highest return on equity (nearly 70%) of the firms studied, spent less
than 25% per capita compared to H.J. Heinz or Archer Daniels Midland
(which hovered at the 20% -30% ROE levels). It is difficult to draw
conclusions regarding Quaker's 'wise' use of IT resources, given that
the CEO recently resigned after a disastrous 1996.
In Quaker's case, a major culprit was a disastrous acquisition of a
beverage subsidiary; the company lost touch with distributors who
marketed the product. The tempting question is: could an effective
sales and marketing decision-support IT investment have maintained
Quaker's profitability and preserved the CEO's job?
ATTACKING THE OLD MYTHS
Sacred Laws: Strassmann pokes holes in several popular
premises regarding IT economics. For instance, 'Grosch's Law', named
after a former IBM researcher and National Bureau of Standards
computer technology director, stated that computing power increases at
the square of its costs - a concept that promoted economies of scale.
It was a concept that was especially popular until the 1980s.
Strassmann responded that the concept merely reflected IBM's pricing
schemes, which during the heyday of the mainframe, were practically
unchallenged. He dismissed the 'law' as 'nothing but a reflection of
IBM's marketing strategy.'
Back to the future, today's better-known 'Moore's Law', which holds
that microprocessing power doubles every 18 months, has become a
Trojan Horse for software vendors, claims Strassmann. As computing
power increases, what otherwise seems like a bargain is quickly
consumed by larger, more complex software. Admittedly, Strassmann does
not elaborate here, although a quick comparison of the storage and
computing requirements of Office 95 and Office 97 adequately proves
Strassmann's point. 'Intel gives and Microsoft takes away', he
It could be argued that more compact predecessors to Office 97
carried similar price points ($300 - $500/seat, individual street
price, depending on whether the full suite was ordered and whether the
suite is a new purchase or competitive upgrade); it could be even
argued that new, desktop suites are for all practical purposes
cheaper, since they are bundled with major brand Pentium machines.
Furthermore, new capabilities, such as Microsoft's incorporation of
native TCP/IP capability, could be said to make networked computing
cheaper. Strassmann does not address these arguments; he would
probably consider them irrelevant anyway, given his reference to
Gartner Group's $8,000 - $10,000 annual PC fat client cost figures
(which reflect the fact that fat clients are complex to configure,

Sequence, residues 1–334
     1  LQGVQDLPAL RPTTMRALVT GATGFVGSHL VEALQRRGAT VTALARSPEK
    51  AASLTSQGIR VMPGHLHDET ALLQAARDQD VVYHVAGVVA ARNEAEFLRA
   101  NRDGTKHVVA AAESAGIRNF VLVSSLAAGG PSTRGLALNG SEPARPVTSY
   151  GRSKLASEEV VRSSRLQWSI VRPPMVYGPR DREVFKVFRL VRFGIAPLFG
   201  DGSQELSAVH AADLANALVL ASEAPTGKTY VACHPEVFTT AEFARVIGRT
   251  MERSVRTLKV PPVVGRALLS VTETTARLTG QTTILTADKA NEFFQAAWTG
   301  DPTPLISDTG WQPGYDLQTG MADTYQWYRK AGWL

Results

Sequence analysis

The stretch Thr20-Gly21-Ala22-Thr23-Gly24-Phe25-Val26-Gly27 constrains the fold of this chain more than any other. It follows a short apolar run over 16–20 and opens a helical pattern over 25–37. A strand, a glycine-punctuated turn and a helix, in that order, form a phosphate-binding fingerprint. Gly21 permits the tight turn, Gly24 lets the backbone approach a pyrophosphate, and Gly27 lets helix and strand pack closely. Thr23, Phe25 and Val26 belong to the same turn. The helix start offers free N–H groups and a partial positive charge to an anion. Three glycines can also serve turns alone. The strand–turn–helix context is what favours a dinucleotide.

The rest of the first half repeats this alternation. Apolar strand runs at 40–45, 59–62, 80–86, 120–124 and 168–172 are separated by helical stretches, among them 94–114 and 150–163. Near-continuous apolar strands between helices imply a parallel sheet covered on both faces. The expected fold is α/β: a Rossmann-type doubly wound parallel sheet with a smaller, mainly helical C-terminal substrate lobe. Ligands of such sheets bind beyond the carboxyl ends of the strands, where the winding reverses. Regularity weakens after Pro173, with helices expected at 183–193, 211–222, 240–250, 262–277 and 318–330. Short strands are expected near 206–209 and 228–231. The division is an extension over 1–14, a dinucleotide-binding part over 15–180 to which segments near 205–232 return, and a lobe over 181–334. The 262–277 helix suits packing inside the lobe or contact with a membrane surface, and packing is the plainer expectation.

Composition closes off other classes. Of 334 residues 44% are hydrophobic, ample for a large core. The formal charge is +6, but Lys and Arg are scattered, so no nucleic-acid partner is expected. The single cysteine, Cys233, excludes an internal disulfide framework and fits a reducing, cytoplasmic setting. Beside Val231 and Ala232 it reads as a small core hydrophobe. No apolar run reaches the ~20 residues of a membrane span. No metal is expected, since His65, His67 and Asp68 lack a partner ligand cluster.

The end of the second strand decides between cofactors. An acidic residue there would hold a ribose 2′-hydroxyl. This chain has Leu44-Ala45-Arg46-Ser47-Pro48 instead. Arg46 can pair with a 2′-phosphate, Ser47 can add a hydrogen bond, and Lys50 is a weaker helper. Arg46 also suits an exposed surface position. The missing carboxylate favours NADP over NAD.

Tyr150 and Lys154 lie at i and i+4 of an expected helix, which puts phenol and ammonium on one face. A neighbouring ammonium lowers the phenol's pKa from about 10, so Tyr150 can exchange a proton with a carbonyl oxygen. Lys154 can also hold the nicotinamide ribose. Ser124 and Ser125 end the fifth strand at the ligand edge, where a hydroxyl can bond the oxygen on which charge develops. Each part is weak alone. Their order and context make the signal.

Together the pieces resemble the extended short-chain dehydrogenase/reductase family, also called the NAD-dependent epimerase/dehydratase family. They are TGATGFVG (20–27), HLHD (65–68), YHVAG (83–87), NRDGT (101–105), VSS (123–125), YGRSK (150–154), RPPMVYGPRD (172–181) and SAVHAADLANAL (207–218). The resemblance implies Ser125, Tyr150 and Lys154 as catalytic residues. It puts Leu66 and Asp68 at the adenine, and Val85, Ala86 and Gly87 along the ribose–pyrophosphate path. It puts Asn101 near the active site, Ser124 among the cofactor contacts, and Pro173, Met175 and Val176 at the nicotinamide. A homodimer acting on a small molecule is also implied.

maintain, and while the fat client software requires significant end
user training and hand holding).
Budgeting Guidelines: Target number one is personnel. He
cites the dilemma of companies that outsource, such as the
manufacturer which primarily resells but does not outsource its
information workers (e.g., sales, marketing, budgeting, and corporate
management). If the company was apportioning IT expenses based on
employee counts, it would have unnecessarily reduced IT budgets.
There is one minor problem with Strassmann's analogy. As
manufacturing gets more computerised, more and more manufacturing
workers are joining the information workforce. Nonetheless, this is a
case of the right point, wrong example. Strassmann is stating that
information technologies be apportioned, not on a per capita basis,
but by the value that is added by organisation business processes. In
so doing, it will be easier to estimate how IT increases the
efficiency of processes, that in turn contribute to the bottom
He strikes down another metric - that of apportioning IT
investments as a percentage of revenue - to make the same point. By
pegging IT as a percent of corporate revenue, it is essentially
positioning IT as a tax without justifying what it is being spent for.
And, he singles out trade magazines, such as Information Week and
Computerworld, which annually publish profiles of the top corporate
users of IT based, in part, on the company's percent of revenue
invested in IT. He believes that such metrics glorify spending for its
own sake. Therefore, a company which is caught in an exorbitant
outsourcing or client-server migration contract might look favourable
in the magazine rankings because it is spending a higher percent of
revenue on IT than a similar firm which negotiated its contracts more